Heineken’s new 0.0 beer isn’t just alcohol free – at only 69 calories per bottle, with a low sugar content and made from natural ingredients, it’s also a genuinely healthier alternative drink for any occasion.
The campaign for Heineken 0.0 is built around the message: ‘Open to all’, and with the ongoing attitude to not consume alcohol before getting behind the wheel, Culture Trip headed off to the Spanish Grand Prix in Barcelona, to find out more from the team behind the launch.
Willem van Waesberghe, global brew master at the company explained, ‘Removing alcohol from regular 5% Heineken would have been easy, but it wouldn’t deliver the best tasting non-alcoholic beer. Heineken 0.0 is brewed from scratch and has a perfectly balanced taste with refreshing fruity notes and soft malty body.’
The Dutch company’s iconic green branding has turned blue for the new product, and Spain’s Formula 1 race saw the different colour for the first time.
Gianluca Di Tondo, senior director of the global Heineken brand, told us why the new lager was such a important innovation within the industry and beyond.
‘We’ve been discussing this for over two years now. There is a clear trend for health and well-being, and we know that it won’t stop. Consumers have become more aware about the problem of too much sugar and too many calories. We know the beer market is going to change significantly, and if you were to ask me I would say that over 10% of the market will be for non-alcoholic beer in 10 years or so.
‘We are responsible also for the consumption issue. These are two very good reasons for going down this road, and then our master brewer Willem [van Waesberghe] knows that we need something that tastes like a Heineken. Once we got that right, we knew we were ready to launch and we picked Spain because it is the biggest market for 0% beer.’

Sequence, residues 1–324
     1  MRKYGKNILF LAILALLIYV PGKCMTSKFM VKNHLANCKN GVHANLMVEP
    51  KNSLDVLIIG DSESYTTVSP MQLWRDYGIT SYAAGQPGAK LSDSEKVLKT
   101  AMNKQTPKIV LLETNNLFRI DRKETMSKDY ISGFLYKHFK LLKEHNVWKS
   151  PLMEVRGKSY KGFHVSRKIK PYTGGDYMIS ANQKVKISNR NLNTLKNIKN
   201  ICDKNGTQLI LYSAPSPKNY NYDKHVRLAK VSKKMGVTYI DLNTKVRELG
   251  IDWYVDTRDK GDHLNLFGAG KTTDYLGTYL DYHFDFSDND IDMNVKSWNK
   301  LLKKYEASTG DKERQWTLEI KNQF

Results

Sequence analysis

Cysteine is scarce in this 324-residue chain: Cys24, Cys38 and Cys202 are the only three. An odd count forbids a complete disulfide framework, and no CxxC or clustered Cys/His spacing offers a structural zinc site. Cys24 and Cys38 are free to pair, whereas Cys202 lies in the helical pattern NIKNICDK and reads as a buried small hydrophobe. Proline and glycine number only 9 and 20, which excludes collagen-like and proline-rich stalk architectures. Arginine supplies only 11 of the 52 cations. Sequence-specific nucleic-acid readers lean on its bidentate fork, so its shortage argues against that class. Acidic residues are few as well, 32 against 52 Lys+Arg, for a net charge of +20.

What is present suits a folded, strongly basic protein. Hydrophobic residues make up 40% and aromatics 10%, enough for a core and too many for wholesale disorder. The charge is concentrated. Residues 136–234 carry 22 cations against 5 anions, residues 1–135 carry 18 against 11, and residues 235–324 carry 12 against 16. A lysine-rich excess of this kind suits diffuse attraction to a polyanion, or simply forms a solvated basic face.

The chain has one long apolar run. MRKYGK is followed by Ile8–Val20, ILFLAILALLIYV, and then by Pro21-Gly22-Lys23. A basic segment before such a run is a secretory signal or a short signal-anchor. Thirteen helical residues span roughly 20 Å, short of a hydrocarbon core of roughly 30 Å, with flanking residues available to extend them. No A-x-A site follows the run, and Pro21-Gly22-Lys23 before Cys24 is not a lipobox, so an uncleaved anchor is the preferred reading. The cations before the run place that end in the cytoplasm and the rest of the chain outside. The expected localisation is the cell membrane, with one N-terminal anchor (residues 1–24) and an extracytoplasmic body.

Spain remains the biggest consumer of non-alcoholic lager because they love lager. Tapas and beer is a classic combination, and the government has also been involved in pioneering the move from 0.5% beer to 0.0%.
‘We wanted to make a brand that was also cool. You shouldn’t feel ashamed about a 0.0 beer. I believe that us as an industry didn’t treat this category well. We weren’t convinced about how it was going to go, and people would claim that it tasted the same as the mother brand. That’s not true, it will never taste exactly the same. Taking out the alcohol makes a big difference, but what we’ve aimed to do is have a great tasting 0.0 beer. That’s the different message we are getting out to the consumer. We should make steps in treating this sector better. I’m curious to see how this will do in the UK,’ Di Tondo added.
If you did happen to see the Spanish Grand Prix this weekend, which also happened to be one of the best races of recent years, the bold blue of Heineken 0.0 was inescapable.
There are obviously various reasons and occasions when non-alcoholic beer is the only option. Di Tondo explained the three key objectives of Heineken 0.0.
‘We wanted no compromises. It had to be 0%. It had to be low in calories. And finally it had to have low sugar content. We are way below the threshold for most major supermarkets. The moment of truth is when we presented it to our sales team, and everywhere so far we’ve had a great reaction.’